Desire strikes every woman differently, however, and since sex, like reading, is mostly about the theater of the mind, finding a universally arousing depiction of intimacy is damnably difficult. The moviemakers engaged in a robust discussion over whether theirs was arousing enough. The editing stretched on for months. One of the early editors, the venerable Anne V. Coates, 89 (who edited Lawrence of Arabia), felt strongly that it needed to be steamier. Others felt that more graphic sex would ruin the sensuality. The cast went back to Vancouver for reshoots, reportedly to show a little more of Dornan.
“The idea that I’m the guy that’s meant to embody [these women’s] highest fantasy, that’s hard not to think about,” says Dornan, who watched American Psycho, The Thomas Crown Affair and, less predictably, Iron Man to prepare for his role. “It’s hard not to feel that you’re not that guy. Quite early on, I sort of accepted that I’m not going to make 100 million people happy. Because the embodiment of male beauty doesn’t exist. It’s not a real thing.”
Fans have already been voluble about their dissatisfaction with the casting choices: Dornan is too boyish-looking, too connected with the dark serial killer he played in the British TV series The Fall, not dark enough. Johnson, who spends a good deal of the movie naked, has been criticized for having the wrong sort of hair, being too pretty, being not pretty enough, being not innocent enough. (In two of her previous films, The Social Network and The Five-Year Engagement, she more or less plays the girl who’s having sex with someone.)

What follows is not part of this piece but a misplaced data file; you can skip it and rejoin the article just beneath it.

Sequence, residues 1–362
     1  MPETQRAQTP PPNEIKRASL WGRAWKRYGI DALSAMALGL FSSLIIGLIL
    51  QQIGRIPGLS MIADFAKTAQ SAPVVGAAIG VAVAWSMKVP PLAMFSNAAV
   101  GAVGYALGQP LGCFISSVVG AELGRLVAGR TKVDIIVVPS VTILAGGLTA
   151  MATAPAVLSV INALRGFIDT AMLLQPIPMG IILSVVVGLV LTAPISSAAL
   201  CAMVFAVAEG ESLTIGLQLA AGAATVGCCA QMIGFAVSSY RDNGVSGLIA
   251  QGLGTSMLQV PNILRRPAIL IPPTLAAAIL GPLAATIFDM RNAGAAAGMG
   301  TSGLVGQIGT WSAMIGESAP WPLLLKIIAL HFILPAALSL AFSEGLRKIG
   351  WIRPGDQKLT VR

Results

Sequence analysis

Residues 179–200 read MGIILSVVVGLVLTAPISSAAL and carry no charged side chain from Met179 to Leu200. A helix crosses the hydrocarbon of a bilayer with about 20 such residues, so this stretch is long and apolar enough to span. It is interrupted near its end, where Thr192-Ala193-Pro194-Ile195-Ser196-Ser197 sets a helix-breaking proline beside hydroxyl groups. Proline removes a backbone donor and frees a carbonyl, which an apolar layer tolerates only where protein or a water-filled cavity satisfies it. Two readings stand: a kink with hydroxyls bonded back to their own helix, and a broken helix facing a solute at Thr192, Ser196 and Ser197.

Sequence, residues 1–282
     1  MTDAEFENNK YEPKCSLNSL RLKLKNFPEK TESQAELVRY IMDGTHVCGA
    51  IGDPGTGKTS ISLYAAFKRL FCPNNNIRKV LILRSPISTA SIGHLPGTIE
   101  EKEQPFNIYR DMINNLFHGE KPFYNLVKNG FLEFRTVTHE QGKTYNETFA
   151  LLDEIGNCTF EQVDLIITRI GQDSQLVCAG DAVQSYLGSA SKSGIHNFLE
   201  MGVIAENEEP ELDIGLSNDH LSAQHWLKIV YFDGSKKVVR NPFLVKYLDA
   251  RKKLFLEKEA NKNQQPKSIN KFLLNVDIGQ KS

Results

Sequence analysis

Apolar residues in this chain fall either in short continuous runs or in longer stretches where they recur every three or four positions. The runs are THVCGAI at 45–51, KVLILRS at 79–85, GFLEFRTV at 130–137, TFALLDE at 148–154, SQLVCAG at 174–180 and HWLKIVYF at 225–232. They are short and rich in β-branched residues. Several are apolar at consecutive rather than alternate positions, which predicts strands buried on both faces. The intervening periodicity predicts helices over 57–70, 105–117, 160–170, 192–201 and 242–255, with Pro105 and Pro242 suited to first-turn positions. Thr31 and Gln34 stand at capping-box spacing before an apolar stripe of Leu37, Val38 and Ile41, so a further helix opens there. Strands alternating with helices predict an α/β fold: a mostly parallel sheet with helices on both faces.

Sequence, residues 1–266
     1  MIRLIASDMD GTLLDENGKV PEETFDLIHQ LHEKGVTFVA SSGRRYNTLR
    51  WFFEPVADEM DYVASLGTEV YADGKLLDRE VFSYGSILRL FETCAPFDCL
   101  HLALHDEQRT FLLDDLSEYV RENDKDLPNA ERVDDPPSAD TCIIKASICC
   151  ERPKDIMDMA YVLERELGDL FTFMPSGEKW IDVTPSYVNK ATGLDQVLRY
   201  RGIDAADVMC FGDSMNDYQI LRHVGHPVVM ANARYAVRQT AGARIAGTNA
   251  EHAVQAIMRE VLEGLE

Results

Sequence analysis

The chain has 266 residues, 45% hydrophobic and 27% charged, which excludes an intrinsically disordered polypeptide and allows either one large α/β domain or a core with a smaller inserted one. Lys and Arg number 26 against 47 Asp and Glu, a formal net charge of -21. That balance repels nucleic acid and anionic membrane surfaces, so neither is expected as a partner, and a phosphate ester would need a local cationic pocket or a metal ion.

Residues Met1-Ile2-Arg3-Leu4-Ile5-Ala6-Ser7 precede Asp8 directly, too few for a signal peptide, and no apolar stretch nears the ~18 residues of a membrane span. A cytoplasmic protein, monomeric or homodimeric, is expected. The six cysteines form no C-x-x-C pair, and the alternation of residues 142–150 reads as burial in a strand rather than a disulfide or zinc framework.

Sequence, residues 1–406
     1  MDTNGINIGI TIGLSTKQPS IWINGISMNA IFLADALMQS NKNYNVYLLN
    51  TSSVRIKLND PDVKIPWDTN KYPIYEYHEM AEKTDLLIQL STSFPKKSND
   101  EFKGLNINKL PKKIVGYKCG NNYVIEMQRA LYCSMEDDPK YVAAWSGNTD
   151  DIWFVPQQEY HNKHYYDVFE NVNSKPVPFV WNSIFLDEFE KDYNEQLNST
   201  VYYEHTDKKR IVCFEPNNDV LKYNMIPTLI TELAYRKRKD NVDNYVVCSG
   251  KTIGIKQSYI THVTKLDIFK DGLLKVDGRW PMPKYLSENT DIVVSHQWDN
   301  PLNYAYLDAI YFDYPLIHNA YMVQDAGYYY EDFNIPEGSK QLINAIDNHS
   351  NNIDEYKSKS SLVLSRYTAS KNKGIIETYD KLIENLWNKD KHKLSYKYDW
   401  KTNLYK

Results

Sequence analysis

Those criticisms will melt away if the movie lands, if it can convince audiences that apparently contradictory desires can be satisfied at the same time: for submission and control, for carnality and integrity, for trust and novelty, for a populist tale re-enacted by the elite.
Trying to get that recipe just right has been a long process–the filming took place a year ago–and it’s safe to say that Taylor-Johnson is pretty weary of any shade of grey. And, possibly identifying more than she ever expected with Anastasia, she recently dyed her hair pink. “It was just that thing of, everything else is all over the place,” she says in her unfailingly chipper British accent, “but I can dye my hair and still have some sort of sense of control.”
This appears in the February 16, 2015 issue of TIME.